If you’re part of an organization, there is a very good chance that you have some type of phone system that you use on a daily basis. However, you may not know that there are certain rules/regulations that must be accounted for so you can remain compliant with FCC regulations. Recently the FCC (Federal Communications Commission) has announced some drastic changes to how E-911 must function. In today’s blog, we’ll cover what these two laws/acts entail so you can start planning for these new requirements around E-911.
If you’re unfamiliar with Kari’s law, this law was named in honor of Kari Hunt, who was attacked and killed by her estranged husband in a motel room in Marshall, Texas in 2013. Ms. Hunt’s 9-year-old daughter tried to call 911 for help four times from the motel room phone, as her mother had taught her to do. Tragically, the call never went through because she did not know that the hotel’s phone system required dialing “9” for an outbound line before dialing 911. This law was signed on February 16, 2018, and officially went into effect on February 16, 2020. The new FCC rules require the implementation of direct 911 dialing and on-site notification capabilities in multi-line telephone systems (MLTS) (which encapsulates both circuit-switched and IP-based/cloud serviced phone systems). This means that when a 911 call is placed on an MLTS, the system must be configured to notify a “central location” (on-site or off-site) where someone is likely to see/hear the notification. This law will apply to manufacturers, sellers, lessors, and nay business that installs manages, or operates an MLTS.
RAY BUAM’S Act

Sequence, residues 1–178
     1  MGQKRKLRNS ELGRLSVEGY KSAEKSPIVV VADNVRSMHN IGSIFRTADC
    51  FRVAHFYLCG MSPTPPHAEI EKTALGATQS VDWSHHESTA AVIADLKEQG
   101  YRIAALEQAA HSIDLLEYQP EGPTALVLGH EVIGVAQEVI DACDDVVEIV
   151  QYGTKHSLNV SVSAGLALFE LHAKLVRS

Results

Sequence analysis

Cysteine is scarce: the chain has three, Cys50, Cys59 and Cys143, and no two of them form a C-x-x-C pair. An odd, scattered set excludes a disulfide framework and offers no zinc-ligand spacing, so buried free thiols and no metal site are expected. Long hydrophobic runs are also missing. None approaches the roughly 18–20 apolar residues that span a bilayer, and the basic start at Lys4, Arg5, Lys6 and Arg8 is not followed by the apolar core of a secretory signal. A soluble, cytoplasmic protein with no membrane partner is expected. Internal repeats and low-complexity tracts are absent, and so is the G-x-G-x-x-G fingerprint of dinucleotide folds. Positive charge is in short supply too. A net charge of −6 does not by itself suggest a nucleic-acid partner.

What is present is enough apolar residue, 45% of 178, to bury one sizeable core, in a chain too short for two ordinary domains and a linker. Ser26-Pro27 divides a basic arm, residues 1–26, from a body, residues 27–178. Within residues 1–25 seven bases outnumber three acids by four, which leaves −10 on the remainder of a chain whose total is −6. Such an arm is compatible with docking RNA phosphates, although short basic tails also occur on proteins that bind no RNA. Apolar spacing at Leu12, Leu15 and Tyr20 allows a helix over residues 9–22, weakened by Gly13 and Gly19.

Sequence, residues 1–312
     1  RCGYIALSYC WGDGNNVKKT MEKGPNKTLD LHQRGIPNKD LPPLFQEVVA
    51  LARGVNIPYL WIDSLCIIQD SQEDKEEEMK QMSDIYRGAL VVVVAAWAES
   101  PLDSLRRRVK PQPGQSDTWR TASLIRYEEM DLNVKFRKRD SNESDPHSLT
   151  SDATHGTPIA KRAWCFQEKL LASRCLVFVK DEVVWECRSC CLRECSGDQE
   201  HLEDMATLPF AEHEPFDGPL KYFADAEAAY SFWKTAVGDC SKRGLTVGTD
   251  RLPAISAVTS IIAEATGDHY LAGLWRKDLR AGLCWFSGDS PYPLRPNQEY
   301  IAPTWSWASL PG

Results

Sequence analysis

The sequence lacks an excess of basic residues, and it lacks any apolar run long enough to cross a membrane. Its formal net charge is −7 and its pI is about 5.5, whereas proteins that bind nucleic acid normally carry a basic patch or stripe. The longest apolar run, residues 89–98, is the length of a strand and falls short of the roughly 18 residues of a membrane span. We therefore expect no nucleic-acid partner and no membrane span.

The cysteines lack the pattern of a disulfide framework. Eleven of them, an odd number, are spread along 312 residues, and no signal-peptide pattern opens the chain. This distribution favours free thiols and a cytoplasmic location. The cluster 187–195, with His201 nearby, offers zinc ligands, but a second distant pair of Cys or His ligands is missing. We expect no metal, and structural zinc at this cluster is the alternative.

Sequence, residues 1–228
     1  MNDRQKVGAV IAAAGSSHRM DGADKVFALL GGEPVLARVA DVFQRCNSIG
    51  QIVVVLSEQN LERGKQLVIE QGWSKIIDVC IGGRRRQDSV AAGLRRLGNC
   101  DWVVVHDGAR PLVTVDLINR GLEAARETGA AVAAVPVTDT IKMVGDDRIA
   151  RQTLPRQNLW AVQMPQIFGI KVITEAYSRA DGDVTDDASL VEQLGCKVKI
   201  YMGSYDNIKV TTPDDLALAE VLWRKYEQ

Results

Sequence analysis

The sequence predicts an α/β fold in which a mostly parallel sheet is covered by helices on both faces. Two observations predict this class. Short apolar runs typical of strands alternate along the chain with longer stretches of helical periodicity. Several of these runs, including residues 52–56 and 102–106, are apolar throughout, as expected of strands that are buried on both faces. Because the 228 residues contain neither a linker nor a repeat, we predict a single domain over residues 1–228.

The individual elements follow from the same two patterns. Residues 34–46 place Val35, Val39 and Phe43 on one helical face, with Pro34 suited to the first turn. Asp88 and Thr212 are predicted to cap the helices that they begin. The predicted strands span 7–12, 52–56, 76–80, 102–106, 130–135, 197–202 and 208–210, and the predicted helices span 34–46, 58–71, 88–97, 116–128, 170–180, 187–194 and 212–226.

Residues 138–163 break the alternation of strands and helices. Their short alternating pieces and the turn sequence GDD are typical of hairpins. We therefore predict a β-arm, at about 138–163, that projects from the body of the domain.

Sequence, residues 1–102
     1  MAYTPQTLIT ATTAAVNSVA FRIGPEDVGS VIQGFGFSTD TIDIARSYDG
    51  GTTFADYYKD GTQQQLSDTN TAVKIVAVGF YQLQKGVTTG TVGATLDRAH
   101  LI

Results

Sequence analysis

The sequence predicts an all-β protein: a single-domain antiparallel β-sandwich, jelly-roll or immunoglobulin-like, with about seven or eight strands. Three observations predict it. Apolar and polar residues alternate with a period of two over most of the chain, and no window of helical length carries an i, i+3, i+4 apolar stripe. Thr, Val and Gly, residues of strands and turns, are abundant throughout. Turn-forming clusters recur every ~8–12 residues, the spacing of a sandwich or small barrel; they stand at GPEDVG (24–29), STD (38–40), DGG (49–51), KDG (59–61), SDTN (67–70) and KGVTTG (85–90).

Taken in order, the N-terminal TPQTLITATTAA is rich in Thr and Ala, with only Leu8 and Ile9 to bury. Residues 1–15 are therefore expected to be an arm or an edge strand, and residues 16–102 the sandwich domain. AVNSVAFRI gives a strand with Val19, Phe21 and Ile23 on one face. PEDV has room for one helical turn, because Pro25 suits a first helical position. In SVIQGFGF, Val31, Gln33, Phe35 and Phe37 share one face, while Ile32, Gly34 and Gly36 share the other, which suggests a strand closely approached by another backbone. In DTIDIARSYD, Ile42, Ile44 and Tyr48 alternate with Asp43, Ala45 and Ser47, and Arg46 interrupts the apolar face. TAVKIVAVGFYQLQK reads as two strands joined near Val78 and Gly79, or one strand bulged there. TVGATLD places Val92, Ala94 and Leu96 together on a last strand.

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On March 23, 2018, the President signed the RAY BAUM’S Act into law. This act was named in honor of Ray Baum but is also an acronym that stands for Repack Airwaves Yielding Better Access for Users of Modern Services. This act requires that the dispatchable location is conveyed with a 9-1-1 call, regardless of the technological platform used (which includes calls from MLTS). This act defines “dispatchable location” as the street address of the calling party, and additional information such as a room number, floor number, or similar information necessary to adequately identify the location of the calling party. This law doesn’t go into effect until January 6, 2021, for all fixed MLTS (this includes fixed interconnected VoIP, fixed telephony, and fixed Telephone Relay Services (TRS)). This act has come to light in an effort to emphasize the importance of sharing the precise location information when someone dials 911. This in turn gives first responders valuable information so they can more accurately pinpoint the exact location where the emergency is occurring.
What happens if you don’t act soon?
If you disregard these required changes, you can most certainly expect to receive some harsh penalties. By refusing to support proper 911/E-911 compliance, can lead to fines of up to $10,000 and additional penalties of up to $500 per day of noncompliance.
In short, if you had to take anything away from the article it would be:
- FCC rules require the dialing of 911, with no pre/post digits required to initiate the call (Kari’s Law)
- FCC rules require notification to be sent to a “central location” when a 911 call is initiated (Kari’s Law)
- FCC rules require a “dispatchable location” be transmitted when a 911 call is initiated (RAY BAUM’S Act)
Up until now, many of the E-911 regulations were only had state-enforced legal frameworks in place. However, as of February 2020, your E-911 solution now carries a national + state legal framework meaning:
- Kari’s Law will be enforced (already in effect)
- RAY BAUM’S Act will be enforced (starting January 6, 2021)
- Any existing state legislation will remain in effect
With all that being said, if you now know that you are not compliant, I would highly encourage you to act ASAP to avoid any potential penalties coming your way. I hope you have found this information helpful and can use this information in planning for RAY BAUM’S Act which is coming up quicker than you may think!